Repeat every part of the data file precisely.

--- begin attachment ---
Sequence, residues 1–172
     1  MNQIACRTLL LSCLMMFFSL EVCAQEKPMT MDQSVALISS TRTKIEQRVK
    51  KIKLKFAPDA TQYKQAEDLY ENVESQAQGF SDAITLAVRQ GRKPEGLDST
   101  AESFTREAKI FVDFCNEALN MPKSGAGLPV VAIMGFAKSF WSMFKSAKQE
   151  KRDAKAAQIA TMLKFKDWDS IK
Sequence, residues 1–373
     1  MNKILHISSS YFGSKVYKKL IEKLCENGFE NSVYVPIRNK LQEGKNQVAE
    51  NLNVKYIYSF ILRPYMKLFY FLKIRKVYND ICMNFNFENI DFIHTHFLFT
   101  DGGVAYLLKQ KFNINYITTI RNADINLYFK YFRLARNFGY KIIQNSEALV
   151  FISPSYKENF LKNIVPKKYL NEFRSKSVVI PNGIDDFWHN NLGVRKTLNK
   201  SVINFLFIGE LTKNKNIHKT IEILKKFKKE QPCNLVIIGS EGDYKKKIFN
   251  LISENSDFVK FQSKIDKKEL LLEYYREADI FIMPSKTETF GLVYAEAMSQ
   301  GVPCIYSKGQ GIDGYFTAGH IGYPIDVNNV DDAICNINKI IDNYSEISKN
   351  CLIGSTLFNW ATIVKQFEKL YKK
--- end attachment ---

Sequence, residues 1–172
     1  MNQIACRTLL LSCLMMFFSL EVCAQEKPMT MDQSVALISS TRTKIEQRVK
    51  KIKLKFAPDA TQYKQAEDLY ENVESQAQGF SDAITLAVRQ GRKPEGLDST
   101  AESFTREAKI FVDFCNEALN MPKSGAGLPV VAIMGFAKSF WSMFKSAKQE
   151  KRDAKAAQIA TMLKFKDWDS IK
Sequence, residues 1–373
     1  MNKILHISSS YFGSKVYKKL IEKLCENGFE NSVYVPIRNK LQEGKNQVAE
    51  NLNVKYIYSF ILRPYMKLFY FLKIRKVYND ICMNFNFENI DFIHTHFLFT
   101  DGGVAYLLKQ KFNINYITTI RNADINLYFK YFRLARNFGY KIIQNSEALV
   151  FISPSYKENF LKNIVPKKYL NEFRSKSVVI PNGIDDFWHN NLGVRKTLNK
   201  SVINFLFIGE LTKNKNIHKT IEILKKFKKE QPCNLVIIGS EGDYKKKIFN
   251  LISENSDFVK FQSKIDKKEL LLEYYREADI FIMPSKTETF GLVYAEAMSQ
   301  GVPCIYSKGQ GIDGYFTAGH IGYPIDVNNV DDAICNINKI IDNYSEISKN
   351  CLIGSTLFNW ATIVKQFEKL YKK